Now the Real Chanukah Test Begins

Thanksgivikah has passed never to come again because of the unusual coincidence of secular and Jewish calendars. Still, today more than ever, due to the US-Iranian deal, the courage we celebrate with on Chanukah will be more needed than ever before. It has become clear that Israel and the Jewish people stand alone against the forces eager to appease evil in the false hope it will go away. They have forgotten the vow of Never Again and are eerily embarking on the same path that western leaders took the world down in 1938 promising peace in our time. We know what happened then.

For the rest of the week of Chanukah we need to steel ourselves with the courage of the Maccabees as we lobby our government, Congress, and the entire world to the grave dangers of a nuclear Iran and the need to stop it not just with vague, ambiguous words but with concrete actions.

Here are a couple of Chanukah stories to share with your families and friends.

Chanukah story

The Brightness of Candles

Chag Chanukah Sameach—may you spread the courage of the Maccabees to resist evil.

Also, feel welcome to check out all the stories on JewishFamilyStories.com.

And watch this blog for news about and excerpts from my upcoming novel for Jewish young adults, The Uncertain Art of Hooking Up.  Online you also can find my paperback book: Miracles–stories for Jewish children and their families.

Follow this blog on Twitter, @storyjewish

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One thought on “Now the Real Chanukah Test Begins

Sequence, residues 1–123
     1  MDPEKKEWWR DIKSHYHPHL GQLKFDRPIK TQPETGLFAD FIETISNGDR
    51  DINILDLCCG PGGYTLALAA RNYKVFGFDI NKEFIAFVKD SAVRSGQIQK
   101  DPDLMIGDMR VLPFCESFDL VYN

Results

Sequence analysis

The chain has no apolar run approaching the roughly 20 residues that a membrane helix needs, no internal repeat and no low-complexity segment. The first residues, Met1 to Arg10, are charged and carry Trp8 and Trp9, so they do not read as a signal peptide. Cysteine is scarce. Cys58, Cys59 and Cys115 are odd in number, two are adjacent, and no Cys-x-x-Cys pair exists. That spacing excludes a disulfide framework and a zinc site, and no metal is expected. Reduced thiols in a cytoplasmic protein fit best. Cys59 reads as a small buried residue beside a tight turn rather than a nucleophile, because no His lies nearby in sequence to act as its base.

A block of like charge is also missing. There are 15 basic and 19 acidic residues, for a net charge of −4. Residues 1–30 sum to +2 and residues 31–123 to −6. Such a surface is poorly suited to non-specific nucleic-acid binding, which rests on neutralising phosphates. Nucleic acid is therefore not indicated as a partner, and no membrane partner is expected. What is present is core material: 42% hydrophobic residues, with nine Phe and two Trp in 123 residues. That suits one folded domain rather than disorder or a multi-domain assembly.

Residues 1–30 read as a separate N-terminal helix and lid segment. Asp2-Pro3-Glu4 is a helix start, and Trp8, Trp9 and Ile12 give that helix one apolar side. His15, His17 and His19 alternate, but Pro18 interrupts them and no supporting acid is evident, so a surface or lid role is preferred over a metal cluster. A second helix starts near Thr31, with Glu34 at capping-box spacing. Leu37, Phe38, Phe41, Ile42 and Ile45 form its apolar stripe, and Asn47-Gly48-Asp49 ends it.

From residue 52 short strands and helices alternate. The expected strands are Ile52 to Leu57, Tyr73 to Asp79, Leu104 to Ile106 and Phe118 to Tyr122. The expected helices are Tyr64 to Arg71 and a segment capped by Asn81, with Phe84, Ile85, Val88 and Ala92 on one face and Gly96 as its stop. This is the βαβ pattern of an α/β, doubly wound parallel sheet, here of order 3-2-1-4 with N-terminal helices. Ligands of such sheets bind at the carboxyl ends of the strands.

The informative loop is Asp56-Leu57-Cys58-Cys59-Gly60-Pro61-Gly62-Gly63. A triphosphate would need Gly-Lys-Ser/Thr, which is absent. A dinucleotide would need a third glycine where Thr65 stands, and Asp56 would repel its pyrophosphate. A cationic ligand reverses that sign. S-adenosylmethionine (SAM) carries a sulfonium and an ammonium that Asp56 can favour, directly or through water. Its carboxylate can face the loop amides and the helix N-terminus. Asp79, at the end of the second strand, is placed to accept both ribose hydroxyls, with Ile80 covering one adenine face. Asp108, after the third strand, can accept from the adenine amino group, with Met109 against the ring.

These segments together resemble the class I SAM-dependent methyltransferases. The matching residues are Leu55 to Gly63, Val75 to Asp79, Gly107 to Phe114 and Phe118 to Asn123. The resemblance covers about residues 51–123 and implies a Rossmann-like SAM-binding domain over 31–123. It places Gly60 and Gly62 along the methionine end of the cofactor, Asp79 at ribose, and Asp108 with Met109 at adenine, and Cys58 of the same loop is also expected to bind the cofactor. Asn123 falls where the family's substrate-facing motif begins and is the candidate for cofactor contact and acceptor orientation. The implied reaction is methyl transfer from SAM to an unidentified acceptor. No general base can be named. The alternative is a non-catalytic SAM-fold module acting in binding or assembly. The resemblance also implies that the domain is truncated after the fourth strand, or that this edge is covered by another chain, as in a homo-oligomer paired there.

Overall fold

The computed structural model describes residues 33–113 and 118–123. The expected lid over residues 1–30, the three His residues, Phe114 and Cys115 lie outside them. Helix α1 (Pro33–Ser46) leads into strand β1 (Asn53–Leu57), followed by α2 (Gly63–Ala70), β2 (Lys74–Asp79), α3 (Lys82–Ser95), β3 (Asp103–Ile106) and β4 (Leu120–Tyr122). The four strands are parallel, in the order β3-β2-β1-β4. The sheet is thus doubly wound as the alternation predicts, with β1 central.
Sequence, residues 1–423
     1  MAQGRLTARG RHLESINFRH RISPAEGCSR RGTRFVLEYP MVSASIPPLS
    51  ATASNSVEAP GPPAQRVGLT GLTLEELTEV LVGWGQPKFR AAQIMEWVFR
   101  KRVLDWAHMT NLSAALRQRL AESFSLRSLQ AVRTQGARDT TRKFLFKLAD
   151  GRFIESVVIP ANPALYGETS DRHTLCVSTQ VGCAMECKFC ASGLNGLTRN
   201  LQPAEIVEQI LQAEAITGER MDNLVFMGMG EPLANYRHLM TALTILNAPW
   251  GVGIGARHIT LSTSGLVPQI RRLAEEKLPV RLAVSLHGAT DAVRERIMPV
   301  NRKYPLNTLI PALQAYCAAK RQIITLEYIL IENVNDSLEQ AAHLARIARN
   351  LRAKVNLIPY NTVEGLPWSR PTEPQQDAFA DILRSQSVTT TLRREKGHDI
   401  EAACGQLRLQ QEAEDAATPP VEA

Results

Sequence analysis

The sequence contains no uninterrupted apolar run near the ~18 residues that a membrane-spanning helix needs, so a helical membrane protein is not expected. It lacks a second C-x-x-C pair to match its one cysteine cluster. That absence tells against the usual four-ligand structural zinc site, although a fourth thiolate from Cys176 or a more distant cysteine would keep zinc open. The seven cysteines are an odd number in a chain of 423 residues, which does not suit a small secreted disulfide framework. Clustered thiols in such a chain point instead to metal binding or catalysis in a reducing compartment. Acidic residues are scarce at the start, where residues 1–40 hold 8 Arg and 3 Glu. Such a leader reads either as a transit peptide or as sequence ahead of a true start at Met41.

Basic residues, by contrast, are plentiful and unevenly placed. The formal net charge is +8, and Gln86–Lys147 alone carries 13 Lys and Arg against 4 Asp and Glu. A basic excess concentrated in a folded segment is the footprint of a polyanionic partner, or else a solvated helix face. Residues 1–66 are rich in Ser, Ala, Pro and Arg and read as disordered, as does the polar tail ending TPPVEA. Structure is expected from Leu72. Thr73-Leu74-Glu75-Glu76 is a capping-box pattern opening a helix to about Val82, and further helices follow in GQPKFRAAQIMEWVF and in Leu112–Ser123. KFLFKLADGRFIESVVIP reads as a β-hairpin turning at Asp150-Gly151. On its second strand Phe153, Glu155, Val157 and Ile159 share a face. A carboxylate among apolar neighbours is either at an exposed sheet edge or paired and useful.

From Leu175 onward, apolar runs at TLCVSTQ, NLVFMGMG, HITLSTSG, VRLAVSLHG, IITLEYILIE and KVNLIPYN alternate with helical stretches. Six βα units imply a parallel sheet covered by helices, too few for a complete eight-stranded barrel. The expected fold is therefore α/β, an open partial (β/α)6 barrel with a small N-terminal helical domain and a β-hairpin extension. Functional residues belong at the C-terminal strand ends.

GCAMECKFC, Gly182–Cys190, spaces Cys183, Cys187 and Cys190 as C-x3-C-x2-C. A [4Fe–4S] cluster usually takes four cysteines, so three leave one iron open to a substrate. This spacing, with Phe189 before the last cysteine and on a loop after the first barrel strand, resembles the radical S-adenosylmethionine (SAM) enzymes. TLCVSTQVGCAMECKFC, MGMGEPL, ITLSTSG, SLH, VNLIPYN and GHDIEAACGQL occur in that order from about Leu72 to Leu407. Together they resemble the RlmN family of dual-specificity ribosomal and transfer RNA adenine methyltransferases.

1. Growing up in southern California was strange, because my parents never talked about religion. All my grandparents were from Hungary and escaped years before my birth in 1951. When I was going to public school, weekly two buses would pull up in the K-8 I attended. One bus was for Catholics and the other was for Protestants. The teacher was left with 7 students, one of which was me. I didn’t know what I was and I didn’t want to guess. My parents were very frugal, but later in life i realized it wasn’t worth all the effort. After my father died, my mother wanted to get rid of all his stuff and she did. When my brother received a phone call from a neighbor nine years ago, a neighbor was concerned about my mother not taking her trash out as she had every week previously. My brother called me at school and I left the campus to check on her. I found her dead in one of the bedrooms, guarded by her favorite dog. My sister started doing genealogy and came upon the fact my mother was Jewish and my father was Catholic. I had been telling my sister and brother for decades that I thought my parents were Jewish, but they decided it could not be true. My sister found, what I had been telling them for years to be true. My mother was Jewish. Personally, i felt great. It was comforting to know that which I felt to be true over so many decades was actually true. I had been baptized into a different religion 3-4 decades prior, but it meant nothing now. The fact I was Jewish by the fact my mother was made me happy. I realize the reason why my mother and father would not talk about religion was to avoid persecution. She knew if she never talked about it, no one would know. I am grateful in finally knowing the truth and i feel my life makes sense and I am comforted by the fact I do have a religious history. When I talk to people I will mention that I am Jewish and it makes me proud to have this affiliation. I wish my parents had the ability to tell us when we were children, it would of meant so much to us.

    Reply

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